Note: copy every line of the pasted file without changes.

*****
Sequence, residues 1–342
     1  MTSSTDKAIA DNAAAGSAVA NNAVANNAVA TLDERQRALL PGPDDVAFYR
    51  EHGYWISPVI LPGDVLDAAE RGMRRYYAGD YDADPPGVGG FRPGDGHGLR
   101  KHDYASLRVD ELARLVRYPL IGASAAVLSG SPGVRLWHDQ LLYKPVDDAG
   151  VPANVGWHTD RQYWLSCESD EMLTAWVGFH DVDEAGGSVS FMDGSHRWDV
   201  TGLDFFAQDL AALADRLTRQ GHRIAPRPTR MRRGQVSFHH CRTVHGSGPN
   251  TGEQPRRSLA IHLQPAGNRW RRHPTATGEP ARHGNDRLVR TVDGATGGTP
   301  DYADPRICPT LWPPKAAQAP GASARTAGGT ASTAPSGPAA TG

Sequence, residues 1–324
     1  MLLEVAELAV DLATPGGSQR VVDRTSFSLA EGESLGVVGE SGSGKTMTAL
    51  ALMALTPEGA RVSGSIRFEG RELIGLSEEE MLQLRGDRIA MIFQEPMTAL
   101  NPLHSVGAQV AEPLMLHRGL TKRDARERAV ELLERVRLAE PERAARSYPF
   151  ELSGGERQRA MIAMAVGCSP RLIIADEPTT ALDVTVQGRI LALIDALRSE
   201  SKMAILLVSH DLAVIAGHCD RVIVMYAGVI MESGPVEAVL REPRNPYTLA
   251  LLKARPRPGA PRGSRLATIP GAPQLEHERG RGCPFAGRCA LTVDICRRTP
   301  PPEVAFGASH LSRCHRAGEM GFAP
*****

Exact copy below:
Sequence, residues 1–342
     1  MTSSTDKAIA DNAAAGSAVA NNAVANNAVA TLDERQRALL PGPDDVAFYR
    51  EHGYWISPVI LPGDVLDAAE RGMRRYYAGD YDADPPGVGG FRPGDGHGLR
   101  KHDYASLRVD ELARLVRYPL IGASAAVLSG SPGVRLWHDQ LLYKPVDDAG
   151  VPANVGWHTD RQYWLSCESD EMLTAWVGFH DVDEAGGSVS FMDGSHRWDV
   201  TGLDFFAQDL AALADRLTRQ GHRIAPRPTR MRRGQVSFHH CRTVHGSGPN
   251  TGEQPRRSLA IHLQPAGNRW RRHPTATGEP ARHGNDRLVR TVDGATGGTP
   301  DYADPRICPT LWPPKAAQAP GASARTAGGT ASTAPSGPAA TG

Sequence, residues 1–324
     1  MLLEVAELAV DLATPGGSQR VVDRTSFSLA EGESLGVVGE SGSGKTMTAL
    51  ALMALTPEGA RVSGSIRFEG RELIGLSEEE MLQLRGDRIA MIFQEPMTAL
   101  NPLHSVGAQV AEPLMLHRGL TKRDARERAV ELLERVRLAE PERAARSYPF
   151  ELSGGERQRA MIAMAVGCSP RLIIADEPTT ALDVTVQGRI LALIDALRSE
   201  SKMAILLVSH DLAVIAGHCD RVIVMYAGVI MESGPVEAVL REPRNPYTLA
   251  LLKARPRPGA PRGSRLATIP GAPQLEHERG RGCPFAGRCA LTVDICRRTP
   301  PPEVAFGASH LSRCHRAGEM GFAP